Podium has a vested interest in the continued success of Sobelow and as such I am making it a priority that there will always be someone from the Podium Security team involved in the project - even if I weren’t at Podium any longer. My hope is to avoid another potential community lockout so progress on developing Sobelow can always continue.
Michael: You mentioned “new feature releases” for Sobelow, anything you can speak to right now?
Holden: Well I started off my maintenance duty by tidying up the repository a bit (which is still a WIP) and merged in some “low hanging fruit” issues. So once Griffin and I finalize setting up the shared credentials for pushing to Hex.pm, I’ll probably roll up the fixes, minor features and dependency bumps into a minor version release.
But after that I really want to deep dive into kickstarting the community around development and defining a clear picture of the roadmap / how to contribute to the project. The community is really what made Sobelow so successful and I’m far from the best Elixir programmer out there, so lowering the barrier of entry to contributing as much as possible is a focus of mine.
In terms of actual features, I believe that there’s room to grow the tool for supporting more of the Elixir Ecosystem. Nerves, Scenic, Livebook, LiveviewNative and more are all projects that either have come out or have come into their own in the past few years that Sobelow just wasn’t taking into account when it was initially built. Like I mentioned before, Sobelow still does a pretty dang good job at analyzing Elixir applications in general outside of Phoenix - but there’s always room for improvement and I’d like to comfortably drop the association with Sobelow only being for Phoenix projects.
Additionally I’d like to take my learning experience and problems I’ve run into securing a massive Elixir codebase to build out more robust testing in Sobelow. Things like Authorization / Authentication issues seem ripe for ideation and even higher confidence findings through cross file associations (similar to r2c’s DeepSemgrep functionality) are an area I’d like to target.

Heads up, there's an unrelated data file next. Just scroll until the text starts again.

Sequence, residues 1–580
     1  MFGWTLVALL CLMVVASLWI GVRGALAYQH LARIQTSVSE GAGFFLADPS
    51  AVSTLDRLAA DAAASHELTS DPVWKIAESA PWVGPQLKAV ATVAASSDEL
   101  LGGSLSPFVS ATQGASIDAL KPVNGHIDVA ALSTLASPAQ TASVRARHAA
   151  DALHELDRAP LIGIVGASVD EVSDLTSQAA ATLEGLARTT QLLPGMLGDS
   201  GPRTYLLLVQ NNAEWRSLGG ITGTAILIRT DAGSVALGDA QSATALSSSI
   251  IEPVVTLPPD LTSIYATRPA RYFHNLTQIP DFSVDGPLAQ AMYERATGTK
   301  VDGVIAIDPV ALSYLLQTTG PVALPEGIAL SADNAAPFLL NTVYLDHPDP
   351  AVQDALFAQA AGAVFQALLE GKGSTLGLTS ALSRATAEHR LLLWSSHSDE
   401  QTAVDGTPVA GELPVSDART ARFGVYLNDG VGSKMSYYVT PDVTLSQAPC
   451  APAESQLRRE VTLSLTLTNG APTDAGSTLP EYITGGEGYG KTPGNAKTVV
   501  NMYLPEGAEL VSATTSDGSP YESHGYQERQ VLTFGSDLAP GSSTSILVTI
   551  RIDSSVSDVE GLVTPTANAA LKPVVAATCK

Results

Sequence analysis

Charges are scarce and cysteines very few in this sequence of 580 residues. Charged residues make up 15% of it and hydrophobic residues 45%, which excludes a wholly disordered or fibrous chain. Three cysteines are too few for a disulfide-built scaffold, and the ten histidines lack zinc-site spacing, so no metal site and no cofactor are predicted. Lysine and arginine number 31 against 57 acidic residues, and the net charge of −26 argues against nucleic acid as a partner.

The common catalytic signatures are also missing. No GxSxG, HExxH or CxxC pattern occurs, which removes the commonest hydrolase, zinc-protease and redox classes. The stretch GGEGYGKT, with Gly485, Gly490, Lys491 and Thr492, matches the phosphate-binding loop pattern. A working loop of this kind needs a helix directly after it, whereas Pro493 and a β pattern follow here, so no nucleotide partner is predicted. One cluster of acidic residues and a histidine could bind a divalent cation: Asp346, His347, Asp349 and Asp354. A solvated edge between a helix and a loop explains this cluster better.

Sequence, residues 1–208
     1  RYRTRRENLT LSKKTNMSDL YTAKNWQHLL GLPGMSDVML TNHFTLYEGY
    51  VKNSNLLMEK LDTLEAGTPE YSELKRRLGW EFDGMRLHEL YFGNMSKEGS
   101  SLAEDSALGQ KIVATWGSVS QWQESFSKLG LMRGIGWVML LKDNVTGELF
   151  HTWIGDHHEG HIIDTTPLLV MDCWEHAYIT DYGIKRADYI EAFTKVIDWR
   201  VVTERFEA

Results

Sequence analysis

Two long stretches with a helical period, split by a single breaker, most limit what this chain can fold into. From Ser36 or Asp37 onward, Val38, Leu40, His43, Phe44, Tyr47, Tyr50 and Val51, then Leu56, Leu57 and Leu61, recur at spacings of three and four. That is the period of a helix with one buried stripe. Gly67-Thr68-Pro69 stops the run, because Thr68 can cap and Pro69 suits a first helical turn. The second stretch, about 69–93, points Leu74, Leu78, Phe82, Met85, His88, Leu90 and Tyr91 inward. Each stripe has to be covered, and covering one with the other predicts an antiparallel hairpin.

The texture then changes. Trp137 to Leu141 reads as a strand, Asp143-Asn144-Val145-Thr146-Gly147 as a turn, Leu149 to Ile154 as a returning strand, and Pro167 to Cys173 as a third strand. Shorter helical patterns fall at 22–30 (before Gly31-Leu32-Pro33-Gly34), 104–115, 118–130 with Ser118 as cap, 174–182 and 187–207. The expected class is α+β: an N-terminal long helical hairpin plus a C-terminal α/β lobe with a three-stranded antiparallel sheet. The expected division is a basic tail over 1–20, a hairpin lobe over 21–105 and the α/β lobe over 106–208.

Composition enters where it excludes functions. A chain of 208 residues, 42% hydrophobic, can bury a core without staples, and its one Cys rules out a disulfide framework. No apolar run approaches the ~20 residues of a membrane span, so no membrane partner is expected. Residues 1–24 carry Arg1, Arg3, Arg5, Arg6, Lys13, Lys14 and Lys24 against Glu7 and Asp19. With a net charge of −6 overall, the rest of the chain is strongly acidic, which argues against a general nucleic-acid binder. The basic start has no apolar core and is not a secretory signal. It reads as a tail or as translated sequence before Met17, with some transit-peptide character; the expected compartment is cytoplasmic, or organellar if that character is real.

Lastly I would like to iterate on how developers can interface with Sobelow - for instance I’ve already started a draft PR for LiveDashboard to surface findings there instead of relying on the CLI. I could also see the development of IDE integrations to give feedback even quicker in the development cycle. When developer time is at a premium, a fluid UI/UX can cut down the time spent on the feedback loop.
Michael: If a business is using Elixir, should they be using Sobelow?
Holden: Without a doubt - yes. Will it catch every insecurity in your Elixir codebase? No. If it did I’m pretty sure I’d be out of a job haha. But I do think that Sobelow should become a critical part of every Product Security team’s SAST strategy for Elixir codebases.
One of the strengths of Sobelow is its flexibility in how you integrate it into your Secure SDLC:
Plus as I outlined before, renewed development on Sobelow is just beginning and Podium’s commitment to supporting the tool should hopefully reinstill confidence in any company looking to integrate Sobelow into their workflow that support hasn’t gone away.
Michael: You seem to work on a well funded and mature security team. For companies that are getting started with Elixir security, what should they do?
Holden: That’s definitely the (multi-)million dollar question haha. There’s a relevant quote that I’m quite fond of from Gene Spafford that reads, “The only truly secure system is one that is powered off, cast in a block of concrete and sealed in a lead-lined room with armed guards - and even then I have my doubts”.